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Chatham petrel facts for kids

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Chatham petrel
Conservation status
Scientific classification
  • Oestrelata axillaris

The Chatham petrel (Pterodroma axillaris) or ranguru (Maori) is a medium-sized, grey, white and black gadfly petrel. It is endemic to the Chatham Islands, New Zealand, and until recently was restricted to the 218-hectare Rangatira or South-East Island.


Illustration by Joseph Smit, 1896

The Chatham petrel is a medium-sized petrel with a mottled dark-grey and white forehead, dark grey back and upper wings, and white underparts. A black diagonal bar extends from the leading edge of underwing to a black ‘armpit’. The shoulders and upper-wing coverts are a deeper grey giving a dark M pattern across the spread upper wings.

The bill is black and strongly hooked tip. The eye is dark, and the legs and feet are pink, with dark outer toes and webs. The sexes are alike.

Chatham petrels are rarely observed away from the colony; the few at-sea records are from ships in oceanic waters.


Photo 31949341 - Chatham petrel - Peter de Lange
Chatham petrel in nesting box, on egg

Chatham petrels nest in burrows under the forest canopy to which they are generally faithful to over time. Leaves are used as nesting material. Each pair lays a single white egg in December or January and the chicks fledge in May or June.

Status and threats

The population is estimated at 2,000 birds and is classified as nationally vulnerable. Present throughout the Chatham group before the arrival of man, predation by man and introduced mammals (rats and cats) and the loss of forest habitat saw the species restricted to Rangatira island. Before conservation efforts began, the size of the Rangatira population was limited by burrow competition with the broad-billed prion Pachyptila vittata, of which an estimated 330,000 pairs inhabit the island.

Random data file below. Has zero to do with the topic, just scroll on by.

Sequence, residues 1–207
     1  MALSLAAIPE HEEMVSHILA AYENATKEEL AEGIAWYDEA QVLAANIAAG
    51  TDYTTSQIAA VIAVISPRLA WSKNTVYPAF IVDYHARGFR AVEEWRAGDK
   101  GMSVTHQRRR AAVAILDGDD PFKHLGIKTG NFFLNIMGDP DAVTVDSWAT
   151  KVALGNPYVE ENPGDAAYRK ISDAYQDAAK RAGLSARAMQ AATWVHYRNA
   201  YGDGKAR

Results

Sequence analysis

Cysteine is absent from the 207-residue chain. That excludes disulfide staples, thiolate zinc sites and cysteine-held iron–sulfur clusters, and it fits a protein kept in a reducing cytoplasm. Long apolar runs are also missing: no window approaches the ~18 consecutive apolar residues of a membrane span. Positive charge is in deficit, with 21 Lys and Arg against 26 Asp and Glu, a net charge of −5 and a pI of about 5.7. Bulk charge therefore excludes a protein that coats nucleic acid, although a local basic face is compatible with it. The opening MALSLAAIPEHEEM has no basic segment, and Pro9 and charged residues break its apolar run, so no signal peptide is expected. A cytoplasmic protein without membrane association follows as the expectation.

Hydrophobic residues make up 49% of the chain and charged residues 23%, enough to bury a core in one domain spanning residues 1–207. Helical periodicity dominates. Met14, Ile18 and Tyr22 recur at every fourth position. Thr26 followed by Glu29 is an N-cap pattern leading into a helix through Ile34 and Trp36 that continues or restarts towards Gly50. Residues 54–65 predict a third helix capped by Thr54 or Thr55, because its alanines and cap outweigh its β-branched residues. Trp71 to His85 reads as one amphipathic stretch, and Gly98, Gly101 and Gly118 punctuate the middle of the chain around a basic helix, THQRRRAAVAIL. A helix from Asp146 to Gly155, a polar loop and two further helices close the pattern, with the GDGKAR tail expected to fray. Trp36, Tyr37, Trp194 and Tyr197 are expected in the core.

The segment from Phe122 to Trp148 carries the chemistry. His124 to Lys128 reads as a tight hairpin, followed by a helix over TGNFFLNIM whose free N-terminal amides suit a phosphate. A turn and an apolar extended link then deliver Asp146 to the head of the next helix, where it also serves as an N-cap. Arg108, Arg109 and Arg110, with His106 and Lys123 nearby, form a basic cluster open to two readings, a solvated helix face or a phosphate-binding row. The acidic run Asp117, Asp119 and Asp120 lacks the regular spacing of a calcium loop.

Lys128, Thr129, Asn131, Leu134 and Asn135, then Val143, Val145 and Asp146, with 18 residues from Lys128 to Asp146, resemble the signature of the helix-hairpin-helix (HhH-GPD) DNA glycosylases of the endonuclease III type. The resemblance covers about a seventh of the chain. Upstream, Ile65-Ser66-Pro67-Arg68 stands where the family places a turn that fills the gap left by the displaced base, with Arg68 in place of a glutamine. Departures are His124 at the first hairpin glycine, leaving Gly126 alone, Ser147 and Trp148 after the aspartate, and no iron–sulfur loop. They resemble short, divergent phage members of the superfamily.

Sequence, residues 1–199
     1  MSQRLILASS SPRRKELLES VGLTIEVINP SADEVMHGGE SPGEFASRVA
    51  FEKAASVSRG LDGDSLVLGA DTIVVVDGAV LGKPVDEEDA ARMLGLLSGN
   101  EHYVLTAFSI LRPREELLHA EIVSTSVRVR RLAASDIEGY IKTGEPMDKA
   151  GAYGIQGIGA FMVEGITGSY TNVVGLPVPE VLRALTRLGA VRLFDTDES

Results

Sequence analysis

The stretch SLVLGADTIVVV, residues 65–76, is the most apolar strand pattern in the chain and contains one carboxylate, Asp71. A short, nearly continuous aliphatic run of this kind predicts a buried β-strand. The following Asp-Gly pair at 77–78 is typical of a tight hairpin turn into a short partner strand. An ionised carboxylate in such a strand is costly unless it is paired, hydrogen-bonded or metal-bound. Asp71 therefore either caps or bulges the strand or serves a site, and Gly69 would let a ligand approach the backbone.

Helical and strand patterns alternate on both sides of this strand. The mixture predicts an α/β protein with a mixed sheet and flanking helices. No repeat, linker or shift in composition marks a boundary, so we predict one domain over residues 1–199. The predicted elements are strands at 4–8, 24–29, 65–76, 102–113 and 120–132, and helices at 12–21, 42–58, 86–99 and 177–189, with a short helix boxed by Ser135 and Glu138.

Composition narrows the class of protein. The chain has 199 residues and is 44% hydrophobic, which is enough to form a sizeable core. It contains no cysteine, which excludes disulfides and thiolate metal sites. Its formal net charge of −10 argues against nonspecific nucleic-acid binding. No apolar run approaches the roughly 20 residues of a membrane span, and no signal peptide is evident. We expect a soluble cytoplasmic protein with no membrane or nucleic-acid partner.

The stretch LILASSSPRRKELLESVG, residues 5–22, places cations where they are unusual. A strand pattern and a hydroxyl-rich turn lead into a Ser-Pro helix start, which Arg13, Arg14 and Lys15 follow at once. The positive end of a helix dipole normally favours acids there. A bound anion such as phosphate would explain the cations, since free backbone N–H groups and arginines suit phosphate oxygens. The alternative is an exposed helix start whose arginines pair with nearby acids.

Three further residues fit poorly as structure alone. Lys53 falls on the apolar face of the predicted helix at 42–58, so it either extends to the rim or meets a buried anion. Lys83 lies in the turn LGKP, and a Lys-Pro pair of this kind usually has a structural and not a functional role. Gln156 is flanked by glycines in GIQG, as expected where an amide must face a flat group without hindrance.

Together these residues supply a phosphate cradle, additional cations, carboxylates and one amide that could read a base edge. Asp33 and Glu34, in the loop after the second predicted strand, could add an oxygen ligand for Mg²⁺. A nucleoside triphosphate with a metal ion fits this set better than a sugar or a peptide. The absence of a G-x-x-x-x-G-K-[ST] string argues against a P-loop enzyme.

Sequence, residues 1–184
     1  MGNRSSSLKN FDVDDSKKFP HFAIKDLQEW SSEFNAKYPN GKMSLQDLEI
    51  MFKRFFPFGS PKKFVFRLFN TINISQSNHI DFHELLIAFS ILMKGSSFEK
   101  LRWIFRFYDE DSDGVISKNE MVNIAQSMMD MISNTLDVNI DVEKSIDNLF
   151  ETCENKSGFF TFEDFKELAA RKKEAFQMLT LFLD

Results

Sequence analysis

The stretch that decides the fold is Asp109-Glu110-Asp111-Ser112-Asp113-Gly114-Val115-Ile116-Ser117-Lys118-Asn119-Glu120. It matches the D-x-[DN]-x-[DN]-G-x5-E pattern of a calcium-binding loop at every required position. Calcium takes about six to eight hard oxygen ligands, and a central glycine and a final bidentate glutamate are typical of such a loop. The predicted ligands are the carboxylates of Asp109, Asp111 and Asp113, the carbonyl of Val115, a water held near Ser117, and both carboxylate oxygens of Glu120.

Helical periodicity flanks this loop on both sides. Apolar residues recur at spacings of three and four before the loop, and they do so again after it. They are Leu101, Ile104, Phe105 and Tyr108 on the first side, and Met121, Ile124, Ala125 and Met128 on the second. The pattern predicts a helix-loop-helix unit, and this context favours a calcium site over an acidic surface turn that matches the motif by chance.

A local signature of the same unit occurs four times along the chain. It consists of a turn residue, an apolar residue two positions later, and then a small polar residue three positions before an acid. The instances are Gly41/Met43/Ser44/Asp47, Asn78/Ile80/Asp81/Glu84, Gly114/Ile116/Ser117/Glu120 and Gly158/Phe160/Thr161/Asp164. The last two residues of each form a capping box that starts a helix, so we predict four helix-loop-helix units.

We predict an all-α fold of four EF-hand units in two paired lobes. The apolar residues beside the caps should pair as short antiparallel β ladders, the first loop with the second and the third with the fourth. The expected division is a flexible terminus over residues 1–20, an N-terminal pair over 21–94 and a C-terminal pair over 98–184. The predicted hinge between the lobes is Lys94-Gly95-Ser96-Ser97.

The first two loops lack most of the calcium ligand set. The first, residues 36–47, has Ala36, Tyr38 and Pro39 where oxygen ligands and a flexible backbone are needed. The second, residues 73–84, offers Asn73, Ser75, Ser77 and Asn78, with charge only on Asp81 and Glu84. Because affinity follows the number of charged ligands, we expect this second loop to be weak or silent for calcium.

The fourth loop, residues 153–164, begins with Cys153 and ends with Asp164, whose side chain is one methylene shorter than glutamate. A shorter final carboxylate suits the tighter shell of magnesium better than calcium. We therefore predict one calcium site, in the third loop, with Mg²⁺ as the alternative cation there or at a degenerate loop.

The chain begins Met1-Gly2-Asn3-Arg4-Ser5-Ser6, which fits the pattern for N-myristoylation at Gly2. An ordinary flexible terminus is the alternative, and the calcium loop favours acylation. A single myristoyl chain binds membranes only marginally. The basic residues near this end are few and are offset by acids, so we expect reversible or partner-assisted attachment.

Conservation management

Conservation efforts for the Chatham petrel started in the late 1980s, the initial focus of which was locating burrows and determining the cause of breeding failure. Once it was determined that burrow competition from broad-billed prions was causing most breeding attempts to fail, attention shifted to protection of burrows and chicks from prion interference. Burrows are located using telemetry - adult birds caught on the surface are fitted with a small transmitter and tracked to their burrows. Burrows are then protected by installing a plastic or wooden artificial burrow (to guard against collapse) and protected from prion entry by the fitting of a neoprene flap over the burrow entrance. Burrows are also blocked over the non-breeding period to ensure they are not occupied by prions during the petrels' winter absence. In the 2005/06 breeding season of the 155 known breeding pairs on Rangatira, 83% were successful in fledging their chick.

The transfer of 200 chicks to a predator-proof fenced area on nearby Pitt Island/Rangiauria over the four years 2002-05 has seen the return of small number of birds to the site and the first breeding occur (with the fledging of 1 chick) in the 2005/06 season and four breeding pairs in 2006/07. The transfer of 200 chicks over four years to a predator-proof fenced site on the South coast of Chatham Island started in April 2008 with the translocation of 47 chicks.

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